But what of Shakespeare?

This line comes from the fifth verse of Sonnets to Sundry Notes of Music, most of which (such as this entry) are incorrectly attributed to Shakespeare.

Friday, July 18, 2014

Maybe His Face Is On The Bus

Ok, this probably doesn't deserve a blog post of its own but I think it's hysterical, it wouldn't fit on Twitter, and I block Facebook when I'm trying to get work done (even if, as now, that work is Shakespeare research).

I found the following conclusion on a page of facts about our dear Shakespeare:
William Shakespeare is one of the most identifiable icons of England. Others include members of England’s Royal family, Westminister Abbey, Big Ben, and red double-decker buses.
(Spelling is as I found it.)

I'm glad to see the world's greatest poet and playwright made the top five!  The mind boggles at the logic that went into choosing that particular list.  The Queen? Princess Diana?  William and Kate?  Nah, just make "members of the Royal family" one item.  But then we only have four items, and it should really be five.  I know, how about those big double-decker busses!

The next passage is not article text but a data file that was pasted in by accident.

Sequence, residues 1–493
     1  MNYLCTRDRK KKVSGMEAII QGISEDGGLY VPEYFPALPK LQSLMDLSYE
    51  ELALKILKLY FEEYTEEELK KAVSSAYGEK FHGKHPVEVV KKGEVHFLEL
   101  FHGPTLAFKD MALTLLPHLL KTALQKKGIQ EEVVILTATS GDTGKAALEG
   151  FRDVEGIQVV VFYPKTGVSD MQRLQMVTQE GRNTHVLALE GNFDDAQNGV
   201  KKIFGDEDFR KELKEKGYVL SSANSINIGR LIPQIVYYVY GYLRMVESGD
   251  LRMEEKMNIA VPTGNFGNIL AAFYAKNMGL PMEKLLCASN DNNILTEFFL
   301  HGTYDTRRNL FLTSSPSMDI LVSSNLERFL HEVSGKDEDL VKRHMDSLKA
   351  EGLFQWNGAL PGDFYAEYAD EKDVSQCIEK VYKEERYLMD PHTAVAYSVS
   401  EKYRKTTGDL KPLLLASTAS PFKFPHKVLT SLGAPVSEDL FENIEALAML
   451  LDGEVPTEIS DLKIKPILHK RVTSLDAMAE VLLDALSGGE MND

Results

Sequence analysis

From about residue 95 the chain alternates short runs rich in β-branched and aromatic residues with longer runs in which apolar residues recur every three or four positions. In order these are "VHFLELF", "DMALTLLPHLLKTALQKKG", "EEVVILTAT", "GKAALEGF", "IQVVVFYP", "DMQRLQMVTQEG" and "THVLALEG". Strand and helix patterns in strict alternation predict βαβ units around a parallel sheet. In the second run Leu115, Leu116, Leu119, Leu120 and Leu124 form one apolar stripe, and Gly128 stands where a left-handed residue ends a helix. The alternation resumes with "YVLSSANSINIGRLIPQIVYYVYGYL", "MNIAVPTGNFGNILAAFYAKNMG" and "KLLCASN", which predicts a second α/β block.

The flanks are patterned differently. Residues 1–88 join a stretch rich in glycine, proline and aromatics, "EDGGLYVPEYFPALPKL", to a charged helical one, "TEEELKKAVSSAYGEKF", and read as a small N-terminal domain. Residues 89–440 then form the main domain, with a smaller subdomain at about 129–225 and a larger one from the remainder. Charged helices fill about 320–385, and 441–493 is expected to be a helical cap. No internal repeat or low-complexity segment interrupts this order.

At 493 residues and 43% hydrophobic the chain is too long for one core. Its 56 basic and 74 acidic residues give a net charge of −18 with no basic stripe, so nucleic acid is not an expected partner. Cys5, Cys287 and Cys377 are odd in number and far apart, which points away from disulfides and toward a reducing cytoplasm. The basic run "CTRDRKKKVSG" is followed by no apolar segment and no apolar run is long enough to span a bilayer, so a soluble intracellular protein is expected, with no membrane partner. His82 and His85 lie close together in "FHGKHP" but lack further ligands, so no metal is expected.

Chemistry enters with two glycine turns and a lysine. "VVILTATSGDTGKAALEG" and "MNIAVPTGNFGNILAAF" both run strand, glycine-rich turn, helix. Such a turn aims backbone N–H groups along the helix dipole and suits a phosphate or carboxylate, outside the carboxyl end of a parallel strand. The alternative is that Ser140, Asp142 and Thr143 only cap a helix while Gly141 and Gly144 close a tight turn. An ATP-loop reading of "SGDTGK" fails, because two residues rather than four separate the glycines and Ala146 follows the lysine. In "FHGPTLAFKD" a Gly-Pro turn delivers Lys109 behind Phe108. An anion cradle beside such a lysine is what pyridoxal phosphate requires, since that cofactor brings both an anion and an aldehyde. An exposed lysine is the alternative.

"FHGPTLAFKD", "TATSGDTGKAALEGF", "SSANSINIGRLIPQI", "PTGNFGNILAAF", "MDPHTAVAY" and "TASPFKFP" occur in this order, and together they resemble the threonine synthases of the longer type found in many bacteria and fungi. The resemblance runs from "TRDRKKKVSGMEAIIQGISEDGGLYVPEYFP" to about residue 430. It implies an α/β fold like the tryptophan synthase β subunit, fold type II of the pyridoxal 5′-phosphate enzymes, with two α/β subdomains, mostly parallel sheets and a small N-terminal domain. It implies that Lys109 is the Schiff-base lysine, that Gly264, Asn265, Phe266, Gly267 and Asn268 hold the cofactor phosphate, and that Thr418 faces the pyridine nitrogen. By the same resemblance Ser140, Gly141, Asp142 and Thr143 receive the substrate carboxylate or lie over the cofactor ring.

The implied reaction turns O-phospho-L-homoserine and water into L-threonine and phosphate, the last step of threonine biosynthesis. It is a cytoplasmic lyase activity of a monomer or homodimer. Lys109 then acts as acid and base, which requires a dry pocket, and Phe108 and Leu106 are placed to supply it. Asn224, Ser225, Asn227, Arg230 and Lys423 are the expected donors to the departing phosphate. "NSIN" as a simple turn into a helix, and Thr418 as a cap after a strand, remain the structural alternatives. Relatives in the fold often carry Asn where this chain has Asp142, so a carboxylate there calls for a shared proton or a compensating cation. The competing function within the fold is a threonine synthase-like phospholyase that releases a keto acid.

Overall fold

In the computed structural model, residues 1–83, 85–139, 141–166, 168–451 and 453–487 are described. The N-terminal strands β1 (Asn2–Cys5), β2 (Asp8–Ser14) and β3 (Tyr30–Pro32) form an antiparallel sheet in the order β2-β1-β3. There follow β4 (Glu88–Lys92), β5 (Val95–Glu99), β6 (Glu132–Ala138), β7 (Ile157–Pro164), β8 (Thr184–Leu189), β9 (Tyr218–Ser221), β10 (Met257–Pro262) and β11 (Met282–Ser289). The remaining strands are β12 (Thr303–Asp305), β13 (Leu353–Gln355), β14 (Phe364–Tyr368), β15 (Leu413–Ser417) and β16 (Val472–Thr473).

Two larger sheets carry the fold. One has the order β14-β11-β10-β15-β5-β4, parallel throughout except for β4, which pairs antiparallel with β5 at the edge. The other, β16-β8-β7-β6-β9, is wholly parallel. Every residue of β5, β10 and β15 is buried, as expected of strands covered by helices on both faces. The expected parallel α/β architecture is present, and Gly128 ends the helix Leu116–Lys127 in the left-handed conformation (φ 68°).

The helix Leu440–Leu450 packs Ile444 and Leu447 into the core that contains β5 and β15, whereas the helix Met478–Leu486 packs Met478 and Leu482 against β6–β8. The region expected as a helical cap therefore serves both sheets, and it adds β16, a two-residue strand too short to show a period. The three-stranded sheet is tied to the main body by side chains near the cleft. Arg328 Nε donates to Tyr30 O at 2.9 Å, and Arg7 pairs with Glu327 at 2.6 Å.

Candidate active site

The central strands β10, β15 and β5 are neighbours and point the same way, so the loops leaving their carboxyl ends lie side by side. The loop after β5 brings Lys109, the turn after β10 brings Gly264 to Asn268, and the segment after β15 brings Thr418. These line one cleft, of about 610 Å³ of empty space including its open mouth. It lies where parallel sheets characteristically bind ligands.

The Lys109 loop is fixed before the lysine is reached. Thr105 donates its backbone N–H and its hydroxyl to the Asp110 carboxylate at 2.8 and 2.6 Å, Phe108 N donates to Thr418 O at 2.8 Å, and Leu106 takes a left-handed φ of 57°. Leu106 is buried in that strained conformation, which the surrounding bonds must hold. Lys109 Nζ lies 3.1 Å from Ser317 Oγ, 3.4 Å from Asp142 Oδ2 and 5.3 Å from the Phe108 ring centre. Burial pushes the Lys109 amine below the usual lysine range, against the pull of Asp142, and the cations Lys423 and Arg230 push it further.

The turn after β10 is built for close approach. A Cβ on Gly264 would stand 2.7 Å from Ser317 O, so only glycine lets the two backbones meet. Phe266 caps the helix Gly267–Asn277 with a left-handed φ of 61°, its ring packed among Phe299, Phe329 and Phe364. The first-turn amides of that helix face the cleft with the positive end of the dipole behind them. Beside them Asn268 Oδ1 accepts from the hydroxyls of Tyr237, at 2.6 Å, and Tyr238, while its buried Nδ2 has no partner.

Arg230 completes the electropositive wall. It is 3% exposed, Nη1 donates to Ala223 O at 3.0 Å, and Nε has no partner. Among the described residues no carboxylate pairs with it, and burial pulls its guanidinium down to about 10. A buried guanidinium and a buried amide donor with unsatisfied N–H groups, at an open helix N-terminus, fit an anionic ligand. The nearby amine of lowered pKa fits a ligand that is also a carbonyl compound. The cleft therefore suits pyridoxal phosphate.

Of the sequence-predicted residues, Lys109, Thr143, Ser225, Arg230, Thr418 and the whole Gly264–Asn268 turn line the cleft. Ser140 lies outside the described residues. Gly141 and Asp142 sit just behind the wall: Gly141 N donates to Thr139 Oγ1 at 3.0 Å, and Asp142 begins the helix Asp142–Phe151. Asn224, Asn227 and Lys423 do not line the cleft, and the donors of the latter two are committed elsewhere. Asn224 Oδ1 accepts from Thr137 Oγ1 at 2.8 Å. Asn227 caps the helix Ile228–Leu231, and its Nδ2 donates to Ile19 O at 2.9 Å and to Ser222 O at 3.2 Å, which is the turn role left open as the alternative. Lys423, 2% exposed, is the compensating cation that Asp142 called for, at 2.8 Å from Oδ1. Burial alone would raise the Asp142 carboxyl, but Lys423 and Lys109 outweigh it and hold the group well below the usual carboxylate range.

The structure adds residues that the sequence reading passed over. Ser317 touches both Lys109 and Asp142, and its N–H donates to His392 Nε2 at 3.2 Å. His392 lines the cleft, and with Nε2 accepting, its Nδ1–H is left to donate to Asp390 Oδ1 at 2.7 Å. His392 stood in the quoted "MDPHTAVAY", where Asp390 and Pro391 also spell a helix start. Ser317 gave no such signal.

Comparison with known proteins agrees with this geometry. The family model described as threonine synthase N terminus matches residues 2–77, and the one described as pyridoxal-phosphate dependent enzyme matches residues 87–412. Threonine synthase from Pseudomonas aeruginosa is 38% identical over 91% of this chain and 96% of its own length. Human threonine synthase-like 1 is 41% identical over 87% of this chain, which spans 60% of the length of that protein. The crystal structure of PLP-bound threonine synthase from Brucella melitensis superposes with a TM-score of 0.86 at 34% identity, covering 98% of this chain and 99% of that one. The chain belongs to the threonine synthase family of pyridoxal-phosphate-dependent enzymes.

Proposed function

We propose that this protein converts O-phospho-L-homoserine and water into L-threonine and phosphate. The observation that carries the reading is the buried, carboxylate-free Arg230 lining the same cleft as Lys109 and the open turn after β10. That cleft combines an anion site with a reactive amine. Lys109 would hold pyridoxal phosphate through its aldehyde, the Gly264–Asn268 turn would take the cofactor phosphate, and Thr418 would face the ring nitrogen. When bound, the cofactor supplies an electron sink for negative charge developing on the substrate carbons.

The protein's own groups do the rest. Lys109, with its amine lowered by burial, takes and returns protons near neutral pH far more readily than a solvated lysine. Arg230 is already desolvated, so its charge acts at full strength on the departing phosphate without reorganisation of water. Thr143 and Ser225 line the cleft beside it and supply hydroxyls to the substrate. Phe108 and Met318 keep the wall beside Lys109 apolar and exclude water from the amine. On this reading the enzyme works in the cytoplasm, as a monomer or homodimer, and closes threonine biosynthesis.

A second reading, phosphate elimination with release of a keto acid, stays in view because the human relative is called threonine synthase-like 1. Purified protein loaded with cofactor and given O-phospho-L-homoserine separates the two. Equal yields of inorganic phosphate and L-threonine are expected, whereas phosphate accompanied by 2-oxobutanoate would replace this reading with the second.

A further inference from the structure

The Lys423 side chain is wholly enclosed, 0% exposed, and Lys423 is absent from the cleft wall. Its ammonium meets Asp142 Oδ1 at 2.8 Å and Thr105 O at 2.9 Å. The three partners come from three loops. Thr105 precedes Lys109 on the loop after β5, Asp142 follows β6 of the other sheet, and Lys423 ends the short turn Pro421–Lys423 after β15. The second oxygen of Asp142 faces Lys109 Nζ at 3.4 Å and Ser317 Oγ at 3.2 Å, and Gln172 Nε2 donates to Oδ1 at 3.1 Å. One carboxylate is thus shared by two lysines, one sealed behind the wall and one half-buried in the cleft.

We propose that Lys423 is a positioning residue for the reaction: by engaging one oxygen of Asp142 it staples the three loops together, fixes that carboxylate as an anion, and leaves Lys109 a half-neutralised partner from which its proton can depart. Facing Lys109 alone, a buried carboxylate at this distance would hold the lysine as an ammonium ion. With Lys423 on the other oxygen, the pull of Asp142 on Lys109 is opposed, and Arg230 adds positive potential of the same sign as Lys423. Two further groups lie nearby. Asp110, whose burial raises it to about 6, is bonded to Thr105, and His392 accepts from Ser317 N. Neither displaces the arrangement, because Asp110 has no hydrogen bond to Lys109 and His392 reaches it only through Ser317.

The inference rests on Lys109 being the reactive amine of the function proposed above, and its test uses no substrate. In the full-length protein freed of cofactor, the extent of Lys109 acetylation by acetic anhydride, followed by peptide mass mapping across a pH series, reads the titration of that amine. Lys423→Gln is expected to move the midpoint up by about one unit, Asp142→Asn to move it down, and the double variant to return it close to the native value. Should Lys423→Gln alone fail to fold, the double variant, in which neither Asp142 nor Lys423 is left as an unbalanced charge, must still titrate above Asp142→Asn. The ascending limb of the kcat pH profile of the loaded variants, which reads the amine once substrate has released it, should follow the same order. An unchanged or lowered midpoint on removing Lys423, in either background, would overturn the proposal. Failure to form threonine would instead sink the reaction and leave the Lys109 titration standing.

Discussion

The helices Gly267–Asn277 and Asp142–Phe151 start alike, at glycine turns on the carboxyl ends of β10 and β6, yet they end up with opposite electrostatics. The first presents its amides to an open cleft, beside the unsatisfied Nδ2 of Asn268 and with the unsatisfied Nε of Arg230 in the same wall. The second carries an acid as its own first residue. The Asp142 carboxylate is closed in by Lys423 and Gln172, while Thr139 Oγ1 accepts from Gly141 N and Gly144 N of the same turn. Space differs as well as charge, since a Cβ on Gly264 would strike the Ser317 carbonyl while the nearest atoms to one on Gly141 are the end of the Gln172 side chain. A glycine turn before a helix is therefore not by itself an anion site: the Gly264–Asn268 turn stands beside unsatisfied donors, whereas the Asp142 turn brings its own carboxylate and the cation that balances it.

One of, indeed.


Ok, I'm going back to work now. Lunch break over.

Tuesday, July 15, 2014

Shakespeare on the Road

The Shakespeare Birthplace Trust is hitting the road! In celebration of Shakespeare's 450th birthday they've come over to the United States with plans to sit in on 14 different Shakespeare festivals over the summer.

In my neck of the woods they'll be coming to Shakespeare & Company in Lenox, Mass on August 17.  Of course I've already got plans that weekend :(. Why can't I learn about these things months in advance?  And why can't they come into Boston instead? I'm 20 minutes from Boston, I'm over 2 hours from Lenox!

Thursday, July 10, 2014

Orange Is The New Shakespeare?

I'm a big fan of Netflix's original series, both House of Cards and Orange is the new Black. Kevin Spacey, star of the former, has been on all the talk shows saying how it is basically Richard III. Well, more to the point how he based his character on R3.